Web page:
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"Hello, and welcome to Capitol Gains, the show you watch when you want real analysis.  With us today is our dean of political studies, Peter G.  Welcome back to the show."

Good to be here.  Although, this isn't my usual day.  Why did you bring me in?

"Well, we asked you to come in...."

...press ganged me....

"...because of the whole thing about Bain Capital.  Obama ran a series of attack ads targeting Romney for his work with Bain, and they are backfiring.  We're hoping you can explain why."

Oh, yes.  THAT little debacle.  Anyone who says Obama has a lock on winning 2012 is crazy.

"The Bain Backlash is that bad?"

You have to remember what the 2008 election was like.  While the D's were duking it out, McCain was the R's nominee.  McCain was making clear that he was going to tighten federal handouts to corporations and make mergers and acquisitions tougher.

"Sez who?"

Says the company filings with the FTC.  While McCain was the frontrunner, lobbying for handouts and mergers shot through the roof.  And it went back to normal levels when Obama became the frontrunner.

"Because they thought they wouldn't be able to get it done as easily with McCain as President."

Bingo.

"Which also underscores your belief that the R's sacrificed McCain's campaign to get Obama elected."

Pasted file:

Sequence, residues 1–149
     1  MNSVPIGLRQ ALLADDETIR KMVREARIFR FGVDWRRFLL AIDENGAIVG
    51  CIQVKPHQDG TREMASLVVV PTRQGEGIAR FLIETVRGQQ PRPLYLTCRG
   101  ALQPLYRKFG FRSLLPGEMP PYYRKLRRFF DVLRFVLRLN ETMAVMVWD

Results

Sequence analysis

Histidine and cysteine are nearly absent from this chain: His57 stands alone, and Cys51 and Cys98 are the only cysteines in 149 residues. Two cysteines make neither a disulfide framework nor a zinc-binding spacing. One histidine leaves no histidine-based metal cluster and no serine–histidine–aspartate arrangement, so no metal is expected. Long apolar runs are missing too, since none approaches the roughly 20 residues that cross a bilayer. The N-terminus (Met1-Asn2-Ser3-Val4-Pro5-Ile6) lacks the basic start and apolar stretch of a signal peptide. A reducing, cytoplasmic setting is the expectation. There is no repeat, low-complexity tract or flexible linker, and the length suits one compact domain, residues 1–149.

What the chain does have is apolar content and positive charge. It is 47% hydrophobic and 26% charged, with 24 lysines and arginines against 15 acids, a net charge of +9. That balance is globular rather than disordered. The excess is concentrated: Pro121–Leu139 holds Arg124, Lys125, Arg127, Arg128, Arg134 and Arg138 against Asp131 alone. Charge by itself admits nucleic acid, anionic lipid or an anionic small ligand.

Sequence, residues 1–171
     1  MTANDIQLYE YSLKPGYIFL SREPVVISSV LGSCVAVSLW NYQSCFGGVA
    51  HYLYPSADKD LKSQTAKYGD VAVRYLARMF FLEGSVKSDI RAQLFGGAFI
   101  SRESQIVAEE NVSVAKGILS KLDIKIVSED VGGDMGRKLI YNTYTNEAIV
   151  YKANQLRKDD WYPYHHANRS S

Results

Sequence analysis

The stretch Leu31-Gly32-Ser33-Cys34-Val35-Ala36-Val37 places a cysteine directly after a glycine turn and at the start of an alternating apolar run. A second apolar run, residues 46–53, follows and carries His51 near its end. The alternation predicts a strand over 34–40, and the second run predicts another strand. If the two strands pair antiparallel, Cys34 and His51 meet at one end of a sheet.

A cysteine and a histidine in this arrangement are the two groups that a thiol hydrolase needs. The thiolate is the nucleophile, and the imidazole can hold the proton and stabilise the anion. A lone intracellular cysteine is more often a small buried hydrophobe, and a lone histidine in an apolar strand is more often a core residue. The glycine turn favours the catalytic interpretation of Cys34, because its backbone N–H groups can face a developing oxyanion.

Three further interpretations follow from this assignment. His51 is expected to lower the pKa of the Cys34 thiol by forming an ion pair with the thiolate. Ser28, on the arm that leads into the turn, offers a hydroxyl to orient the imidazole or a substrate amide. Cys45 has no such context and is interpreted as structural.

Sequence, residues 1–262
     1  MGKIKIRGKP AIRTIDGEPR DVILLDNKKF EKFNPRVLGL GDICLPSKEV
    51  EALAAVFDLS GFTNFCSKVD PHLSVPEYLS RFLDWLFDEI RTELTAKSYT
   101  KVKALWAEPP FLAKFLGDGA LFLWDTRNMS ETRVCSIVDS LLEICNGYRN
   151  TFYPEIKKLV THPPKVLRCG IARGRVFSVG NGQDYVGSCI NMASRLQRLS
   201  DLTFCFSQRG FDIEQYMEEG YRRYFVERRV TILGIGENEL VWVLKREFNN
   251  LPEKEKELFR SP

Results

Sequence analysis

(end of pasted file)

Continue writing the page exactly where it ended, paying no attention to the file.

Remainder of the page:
Look at the auto bailouts and bank bailouts.  Plenty of R's supported those, not just D's.  The R's are just as beholden to corporate benefactors as the D's are.  McCain would never have allowed the bailouts.  Obama would.  So, in order to keep at the public trough, the R's cut a deal to get a candidate friendly to their own interests in the White House.

"So what does that have to do with Bain Capital?"

Obama had a lot of support from idealists who bought into his Hope and Change campaigns.  But the election was still close.  What put Obama over the top was the support of business.  The Wall Street types.  The so-called 1%.  If you look at Obama's stump speeches after he became the unofficial nominee for the D's, he started softening on bashing Big Business.  The D's had to present themselves as Wall Street's friend to get their support, and they did.  The result is the bailouts.

"So you're saying the Bain Capital attack ads paint Obama as not Wall Street friendly."

That's exactly right.  Big Business is under attack from the Occupy movement (who are just wasting their time, they are doing it completely wrong) and from Obama's own policies.

"What policies?  There've been bailouts for the bailouts.  GM paid off its first bailout with a second bailout that the press didn't cover.  And the administration has been trying to squash lawsuits against the banks for wrongful foreclosure."

Obamacare.

"...ooooooooh.  Forgot about that."

The businesses haven't.  And neither have the unemployed.  The increase in fees for health care has forced some out of business and forced some people to the unemployment line.  I personally know three people who lost their jobs because health care became too expensive for the company.  Obamacare is also a beaurocratic nightmare, the only industry benefitting from it is the health care industry.  There is a backlash that needs to be addressed if Obamacare stays on the books.  Obama is counting on improved economic numbers to satisfy the unemployed.  Big Business, however, needs to know Obama is on their side.  And the Bain Capital ads show he isn't.